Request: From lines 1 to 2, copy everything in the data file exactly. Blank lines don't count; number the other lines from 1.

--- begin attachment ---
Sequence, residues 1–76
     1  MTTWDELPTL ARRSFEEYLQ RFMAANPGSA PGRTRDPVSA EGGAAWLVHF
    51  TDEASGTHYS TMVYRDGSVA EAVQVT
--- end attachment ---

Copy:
Sequence, residues 1–76
     1  MTTWDELPTL ARRSFEEYLQ RFMAANPGSA PGRTRDPVSA EGGAAWLVHF